How many of today's educators are equipped to teach kids these things? None, unless they have been educated themselves by experts in brain plasticity, such as addiction experts. Sadly, the typical school counselor is not educated to do this job.

Just teach them to get consent

The idea about teaching kids rules for obtaining consent, sounds good, but if a young man can only get an erection when he's engaging in a porn fetish, then his perception of consent is likely to be distorted. Besides, too many young girls have no concept of their right to say 'no' to the kinds of activities that are common in porn. It takes a strong will and adult confidence to tell a guy you really like that you're not interested in engaging in the kind of practices he has conditioned himself to need in order to climax. Even adult women have trouble with this challenge.

Girls who understand that the real issue is unhealthy sexual conditioning, and who meet guys who want to experiment with quitting porn, can, if they choose, help speed the process. But not by acting like porn stars. Boyfriend Quitting Porn? 5 Tips

In any case, kids need more than consent rules to understand the risks of porn use. They need to understand the kinds of symptoms chronic users sometimes report. And what it's like to be on the receiving end of someone else's porn-fetish driven behavior. As one young man said,

I wonder if you can take a page out of drug education's playbook. Knowing how messed up heroin can make you is a good enough incentive for (most) people to never touch the stuff. Not necessarily "scare tactics" per se (maybe a little lol), but simply an understanding of the potential consequences of heavy use. I know that if I knew about the potential consequences of chronic porn use, there's a pretty good chance I would have never let my habit get to the point of an addiction.

Just tell them porn isn't like real sex

Teaching kids that "porn sex is not like real sex," sounds logical, but will not solve the problem. Kids already know that porn sex isn't "real" (although they have no experience of their own with which to compare it). Some are even hooked on Japanese cartoon porn. They certainly know that isn't "real."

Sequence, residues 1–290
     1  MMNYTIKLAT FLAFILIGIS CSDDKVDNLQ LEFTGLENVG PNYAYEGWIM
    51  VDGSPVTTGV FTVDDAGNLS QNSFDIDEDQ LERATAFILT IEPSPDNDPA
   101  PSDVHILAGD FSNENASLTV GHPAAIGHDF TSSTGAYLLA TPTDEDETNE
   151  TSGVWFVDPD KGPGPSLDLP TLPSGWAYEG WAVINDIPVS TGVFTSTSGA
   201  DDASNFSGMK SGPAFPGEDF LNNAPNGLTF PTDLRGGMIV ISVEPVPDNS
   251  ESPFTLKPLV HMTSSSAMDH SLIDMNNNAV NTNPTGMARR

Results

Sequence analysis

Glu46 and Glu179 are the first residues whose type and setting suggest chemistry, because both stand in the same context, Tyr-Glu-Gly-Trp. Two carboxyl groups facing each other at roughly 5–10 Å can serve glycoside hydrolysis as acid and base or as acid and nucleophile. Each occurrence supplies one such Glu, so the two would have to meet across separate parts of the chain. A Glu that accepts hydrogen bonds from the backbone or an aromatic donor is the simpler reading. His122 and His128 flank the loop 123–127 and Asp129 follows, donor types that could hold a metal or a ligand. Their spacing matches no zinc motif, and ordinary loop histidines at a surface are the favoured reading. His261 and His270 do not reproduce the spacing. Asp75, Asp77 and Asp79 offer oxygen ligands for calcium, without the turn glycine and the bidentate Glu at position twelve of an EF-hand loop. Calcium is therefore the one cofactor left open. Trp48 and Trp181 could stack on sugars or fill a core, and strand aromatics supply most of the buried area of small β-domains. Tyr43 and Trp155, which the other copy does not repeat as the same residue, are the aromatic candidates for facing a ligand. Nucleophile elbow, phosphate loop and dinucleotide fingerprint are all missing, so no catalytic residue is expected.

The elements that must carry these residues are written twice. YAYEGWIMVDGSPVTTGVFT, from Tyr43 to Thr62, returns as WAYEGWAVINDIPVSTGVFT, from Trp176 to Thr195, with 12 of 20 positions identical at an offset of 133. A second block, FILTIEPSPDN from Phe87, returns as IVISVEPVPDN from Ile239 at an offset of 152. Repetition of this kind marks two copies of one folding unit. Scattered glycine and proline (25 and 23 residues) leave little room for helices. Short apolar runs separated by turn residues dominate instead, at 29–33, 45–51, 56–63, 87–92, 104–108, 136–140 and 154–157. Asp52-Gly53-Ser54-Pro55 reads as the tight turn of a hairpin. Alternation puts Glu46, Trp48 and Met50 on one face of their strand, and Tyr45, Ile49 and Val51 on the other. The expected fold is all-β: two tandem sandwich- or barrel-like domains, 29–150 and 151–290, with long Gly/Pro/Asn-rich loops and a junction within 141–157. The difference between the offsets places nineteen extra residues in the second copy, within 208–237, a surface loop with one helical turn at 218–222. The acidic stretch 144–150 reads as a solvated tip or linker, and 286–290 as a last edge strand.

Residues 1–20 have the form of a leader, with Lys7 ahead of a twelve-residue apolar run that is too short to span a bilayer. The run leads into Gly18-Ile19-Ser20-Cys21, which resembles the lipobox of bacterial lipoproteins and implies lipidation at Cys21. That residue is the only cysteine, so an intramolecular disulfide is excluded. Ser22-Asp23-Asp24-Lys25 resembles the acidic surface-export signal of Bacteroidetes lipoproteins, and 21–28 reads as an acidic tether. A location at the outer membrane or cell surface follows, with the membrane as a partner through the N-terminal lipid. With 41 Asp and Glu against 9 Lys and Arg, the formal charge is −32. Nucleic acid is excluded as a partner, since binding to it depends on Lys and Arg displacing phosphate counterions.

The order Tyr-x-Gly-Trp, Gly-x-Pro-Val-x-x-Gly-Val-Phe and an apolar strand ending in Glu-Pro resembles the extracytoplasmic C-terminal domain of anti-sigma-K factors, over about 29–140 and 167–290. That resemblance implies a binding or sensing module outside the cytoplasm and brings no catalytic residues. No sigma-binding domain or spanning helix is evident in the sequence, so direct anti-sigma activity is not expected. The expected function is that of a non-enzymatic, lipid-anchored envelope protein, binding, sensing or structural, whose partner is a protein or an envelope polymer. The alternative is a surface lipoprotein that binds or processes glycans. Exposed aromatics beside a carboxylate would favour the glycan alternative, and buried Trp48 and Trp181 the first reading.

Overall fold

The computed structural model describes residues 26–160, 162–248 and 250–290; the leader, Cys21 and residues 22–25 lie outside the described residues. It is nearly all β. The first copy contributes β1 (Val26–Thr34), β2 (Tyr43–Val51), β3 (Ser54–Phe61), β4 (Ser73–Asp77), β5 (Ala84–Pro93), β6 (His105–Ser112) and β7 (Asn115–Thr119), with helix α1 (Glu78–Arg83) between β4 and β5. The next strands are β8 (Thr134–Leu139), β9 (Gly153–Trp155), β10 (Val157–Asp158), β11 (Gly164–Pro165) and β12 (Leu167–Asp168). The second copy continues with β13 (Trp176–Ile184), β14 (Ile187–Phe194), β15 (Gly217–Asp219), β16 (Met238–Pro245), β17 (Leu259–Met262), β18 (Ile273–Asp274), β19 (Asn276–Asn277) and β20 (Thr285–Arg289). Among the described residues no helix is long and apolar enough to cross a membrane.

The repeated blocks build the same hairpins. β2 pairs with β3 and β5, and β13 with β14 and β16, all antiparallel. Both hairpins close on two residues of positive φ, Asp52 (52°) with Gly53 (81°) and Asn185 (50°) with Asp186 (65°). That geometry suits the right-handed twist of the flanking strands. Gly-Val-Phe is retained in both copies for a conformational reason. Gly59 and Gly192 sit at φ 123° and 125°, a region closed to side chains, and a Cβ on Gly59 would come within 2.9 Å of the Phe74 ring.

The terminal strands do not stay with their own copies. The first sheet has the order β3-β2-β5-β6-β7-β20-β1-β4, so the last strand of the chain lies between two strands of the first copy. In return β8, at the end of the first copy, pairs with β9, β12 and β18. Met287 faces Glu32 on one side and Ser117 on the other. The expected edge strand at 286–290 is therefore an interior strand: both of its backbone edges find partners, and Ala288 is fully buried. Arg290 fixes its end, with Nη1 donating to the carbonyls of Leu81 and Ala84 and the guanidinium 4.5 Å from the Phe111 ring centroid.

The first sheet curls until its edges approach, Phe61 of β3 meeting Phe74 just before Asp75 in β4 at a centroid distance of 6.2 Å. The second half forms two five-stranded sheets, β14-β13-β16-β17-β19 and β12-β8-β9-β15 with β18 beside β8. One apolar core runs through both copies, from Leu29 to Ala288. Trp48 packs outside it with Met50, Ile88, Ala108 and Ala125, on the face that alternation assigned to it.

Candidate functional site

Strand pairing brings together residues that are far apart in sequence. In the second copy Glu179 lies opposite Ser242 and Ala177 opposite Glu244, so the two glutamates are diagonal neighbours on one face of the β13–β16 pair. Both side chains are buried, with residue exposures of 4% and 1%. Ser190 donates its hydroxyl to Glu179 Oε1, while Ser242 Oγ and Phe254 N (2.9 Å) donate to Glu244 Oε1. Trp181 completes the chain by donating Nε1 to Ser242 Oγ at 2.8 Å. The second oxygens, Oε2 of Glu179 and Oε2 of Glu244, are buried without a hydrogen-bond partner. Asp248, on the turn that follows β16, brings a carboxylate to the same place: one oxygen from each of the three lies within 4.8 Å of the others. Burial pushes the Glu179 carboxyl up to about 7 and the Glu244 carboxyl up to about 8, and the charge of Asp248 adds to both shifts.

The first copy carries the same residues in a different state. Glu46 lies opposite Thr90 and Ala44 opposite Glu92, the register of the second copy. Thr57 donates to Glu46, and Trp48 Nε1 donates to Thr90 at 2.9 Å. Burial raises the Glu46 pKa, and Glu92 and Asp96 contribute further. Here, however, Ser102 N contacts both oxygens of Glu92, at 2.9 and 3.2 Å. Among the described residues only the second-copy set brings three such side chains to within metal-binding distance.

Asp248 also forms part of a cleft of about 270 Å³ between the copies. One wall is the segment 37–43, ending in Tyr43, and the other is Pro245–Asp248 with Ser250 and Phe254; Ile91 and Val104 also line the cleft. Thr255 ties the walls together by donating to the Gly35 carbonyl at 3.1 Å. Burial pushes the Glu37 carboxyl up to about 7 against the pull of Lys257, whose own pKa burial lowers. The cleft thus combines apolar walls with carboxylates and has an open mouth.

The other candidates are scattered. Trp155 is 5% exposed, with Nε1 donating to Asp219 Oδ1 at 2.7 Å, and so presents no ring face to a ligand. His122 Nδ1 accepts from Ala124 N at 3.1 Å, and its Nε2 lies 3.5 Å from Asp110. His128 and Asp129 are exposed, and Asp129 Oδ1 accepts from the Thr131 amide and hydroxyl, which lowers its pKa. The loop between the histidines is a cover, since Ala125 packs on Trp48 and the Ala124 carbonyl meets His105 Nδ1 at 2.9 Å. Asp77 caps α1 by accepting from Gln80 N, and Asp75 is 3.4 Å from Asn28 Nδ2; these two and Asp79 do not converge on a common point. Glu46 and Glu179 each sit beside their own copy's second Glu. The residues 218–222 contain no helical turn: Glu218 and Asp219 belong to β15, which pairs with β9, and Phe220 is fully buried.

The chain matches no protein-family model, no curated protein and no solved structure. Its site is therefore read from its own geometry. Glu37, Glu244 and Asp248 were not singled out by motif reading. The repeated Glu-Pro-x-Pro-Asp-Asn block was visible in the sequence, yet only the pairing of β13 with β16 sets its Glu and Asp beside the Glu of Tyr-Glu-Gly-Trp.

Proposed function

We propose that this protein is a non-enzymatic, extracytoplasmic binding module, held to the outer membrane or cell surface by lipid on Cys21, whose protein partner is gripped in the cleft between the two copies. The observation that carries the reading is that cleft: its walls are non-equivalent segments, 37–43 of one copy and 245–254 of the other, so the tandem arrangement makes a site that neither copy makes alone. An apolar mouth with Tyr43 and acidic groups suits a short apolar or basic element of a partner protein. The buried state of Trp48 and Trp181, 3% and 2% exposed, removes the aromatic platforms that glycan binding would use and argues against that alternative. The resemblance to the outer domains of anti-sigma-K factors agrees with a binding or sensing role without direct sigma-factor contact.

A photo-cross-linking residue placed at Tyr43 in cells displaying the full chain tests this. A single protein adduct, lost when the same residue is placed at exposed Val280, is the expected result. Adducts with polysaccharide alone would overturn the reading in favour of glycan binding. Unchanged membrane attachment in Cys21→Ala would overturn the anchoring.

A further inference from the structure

However, the more serious problem is that they are conditioning their sexual arousal to porn sex. A surprising number of young men can't get/sustain erections unless they're watching porn. Others cannot become erect unless they are engaging in a porn fetish and objectifying their partners. See Research confirms enormous rise in youthful ED.

This happens because many youngsters have never masturbated without porn and have conditioned their arousal to screens, constant novelty, seeking and searching for shocking material, voyeurism, fetishes, etc. They are ill-prepared to find partnered sex arousing or sustainable, and more and more girls who masturbate to internet erotica are reporting the same issue. 

In effect, young people are training for the wrong sport. Worse yet, they have little realization that they have trained for the wrong sport unless they experiment with stopping internet porn for months and experience for themselves that real partners become more arousing.

Why will brain education work?

This site was founded at the beginning of 2011. Since then many young people have found this information both interesting and useful in learning to manage appetites heightened by today's supernormal stimuli. They enjoy learning about the brain, its evolutionary drives, warning signs of imbalance, and how cutting back can help the brain return to normal sensitivity. They like making their own experiments once they understand the basics, and they like teaching each other through recovery forum posts. You can read thousands of their recovery stories here and here. Or watch this young man's video. As a recovering user said,

In school they taught me how to cut wood, stich a towel and make a clay pot... Funnily enough I do not need these skills in ANY way for my everyday life. It would have been nice just to have one or two classes on neuroscience where I could learn to actually develop my own brain and mental capacity. That would have been so powerful at 13.

Sex education today is incomplete until it addresses how pathological learning occurs. Porn education calls for teaching teens about the unique vulnerabilities of the teen brain and how sexuality can end up conditioned to stimuli that have nothing to do with real partners. This video explains more: Adolescent Brain Meets Highspeed Internet Porn - YouTube